It comes from a mysterious and repeating source - FRB 121102 - far across the universe.
Backed by Mark Zuckerberg, Stephen Hawking, and the billionaire entrepreneur Yuri Milner, The Breakthrough Listen initiative was able to record these odd signals thanks to the Green Bank Telescope, in West Virginia, the Parkes Radio Telescope in Australia, and the Automated Planet Finder of the Lick Observatory, in Mt Hamilton, California. "The new data are likely to be helpful in figuring out what's going on here, but of course it could be that this particular object is a member of an "FRB subspecies" - and not typical of most of these weird cosmic screamers", he says. In 2016, astronomers tracked its origin to a dwarf galaxy about 3 billion light years away. The signals were so strong that the Breakthrough Listen team sent out an astronomer's telegram urging the scientific community to check it out, saying "these observations may indicate FRB 121102 is now in a heightened activity state, and follow-on observations are encouraged". This is the first time bursts from this source have been seen at these frequencies. These FRBs were first detected with the Parkes Telescope in Australia.
"Whether or not fast radio bursts turn out to be signatures of extra-terrestrial technology, Breakthrough Listen is helping to push the frontiers of a new and rapidly growing area of our understanding of the universe around us", Siemion said. Each of the 15 pulses lasted 300 milliseconds.
Now that's what is unique that after the signals being pinpointed in the year 2015, it's heard again a year later. In the early hours of Saturday, August 26, UC Berkeley Postdoctoral Researcher Dr. Vishal Gajjar observed the location of FRB 121102 using the Breakthrough Listen backend instrument at the Green Bank Telescope in West Virginia.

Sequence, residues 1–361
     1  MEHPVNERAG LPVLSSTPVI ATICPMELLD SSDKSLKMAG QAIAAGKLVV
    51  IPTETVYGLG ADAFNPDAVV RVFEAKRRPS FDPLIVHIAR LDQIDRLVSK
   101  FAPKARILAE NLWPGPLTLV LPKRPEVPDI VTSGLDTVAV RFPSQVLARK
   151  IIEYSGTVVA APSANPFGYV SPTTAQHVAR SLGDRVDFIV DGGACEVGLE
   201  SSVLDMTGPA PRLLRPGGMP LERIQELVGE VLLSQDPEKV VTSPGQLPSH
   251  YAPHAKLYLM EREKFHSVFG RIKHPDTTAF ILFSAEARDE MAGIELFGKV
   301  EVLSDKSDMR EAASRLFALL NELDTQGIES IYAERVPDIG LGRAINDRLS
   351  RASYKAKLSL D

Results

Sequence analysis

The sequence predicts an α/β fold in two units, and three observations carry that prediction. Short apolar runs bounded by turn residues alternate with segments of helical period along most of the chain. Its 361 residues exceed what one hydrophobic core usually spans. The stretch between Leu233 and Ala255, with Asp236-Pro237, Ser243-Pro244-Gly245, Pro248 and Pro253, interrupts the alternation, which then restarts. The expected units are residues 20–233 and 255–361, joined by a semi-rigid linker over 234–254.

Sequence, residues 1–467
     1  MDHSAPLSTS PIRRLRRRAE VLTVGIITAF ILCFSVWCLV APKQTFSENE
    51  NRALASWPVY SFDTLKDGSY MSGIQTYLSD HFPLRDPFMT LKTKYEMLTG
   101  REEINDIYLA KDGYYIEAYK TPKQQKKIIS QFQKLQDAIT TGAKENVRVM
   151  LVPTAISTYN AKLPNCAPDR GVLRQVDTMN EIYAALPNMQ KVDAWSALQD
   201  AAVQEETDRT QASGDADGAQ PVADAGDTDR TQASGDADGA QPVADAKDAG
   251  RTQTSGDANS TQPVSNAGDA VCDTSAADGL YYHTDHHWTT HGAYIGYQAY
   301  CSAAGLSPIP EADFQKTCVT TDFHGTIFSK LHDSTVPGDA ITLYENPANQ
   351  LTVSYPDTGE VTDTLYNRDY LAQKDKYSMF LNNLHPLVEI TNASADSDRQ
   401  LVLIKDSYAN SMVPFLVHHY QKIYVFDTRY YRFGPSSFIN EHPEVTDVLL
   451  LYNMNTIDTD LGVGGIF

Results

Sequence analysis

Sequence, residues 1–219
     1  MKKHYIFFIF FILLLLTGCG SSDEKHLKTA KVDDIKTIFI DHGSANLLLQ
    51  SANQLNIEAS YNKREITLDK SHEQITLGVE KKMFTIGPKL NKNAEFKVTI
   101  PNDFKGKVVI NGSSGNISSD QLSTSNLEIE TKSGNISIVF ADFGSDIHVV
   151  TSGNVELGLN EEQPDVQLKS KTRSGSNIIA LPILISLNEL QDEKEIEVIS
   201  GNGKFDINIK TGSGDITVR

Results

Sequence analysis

"The possible implications are two folds", Gajjar told me via email Tuesday.
Researchers previously found that the 121102 was coming from a dwarf galaxy 3 million light-years away, but they couldn't know much about it due to how fast it appeared and disappeared. The frequency structure we see across our total band of 4 to 8 GHz also allows us to understand the intervening medium between us and the source... For example, 1977's "Wow!" signal was a one-time radio burst lasting several minutes that bore the profile of a potential signal from extraterrestrials (hence its designation, coming from an excited researcher's notes). "Life on Earth consisted of only single-celled organisms, and it would be another billion years before even the simplest multi-cellular life began to evolve".
The fast radio burst FRB 121102 emanates from the galaxy pictured.
Late a year ago, worldwide researchers, including those from McGill University, discovered that the same source was emitting Fast Radio Bursts (FRBs) from a dwarf galaxy three-billion light-years away.
This is speculative work though and in the search for alien life, all other possibilities must be excluded first.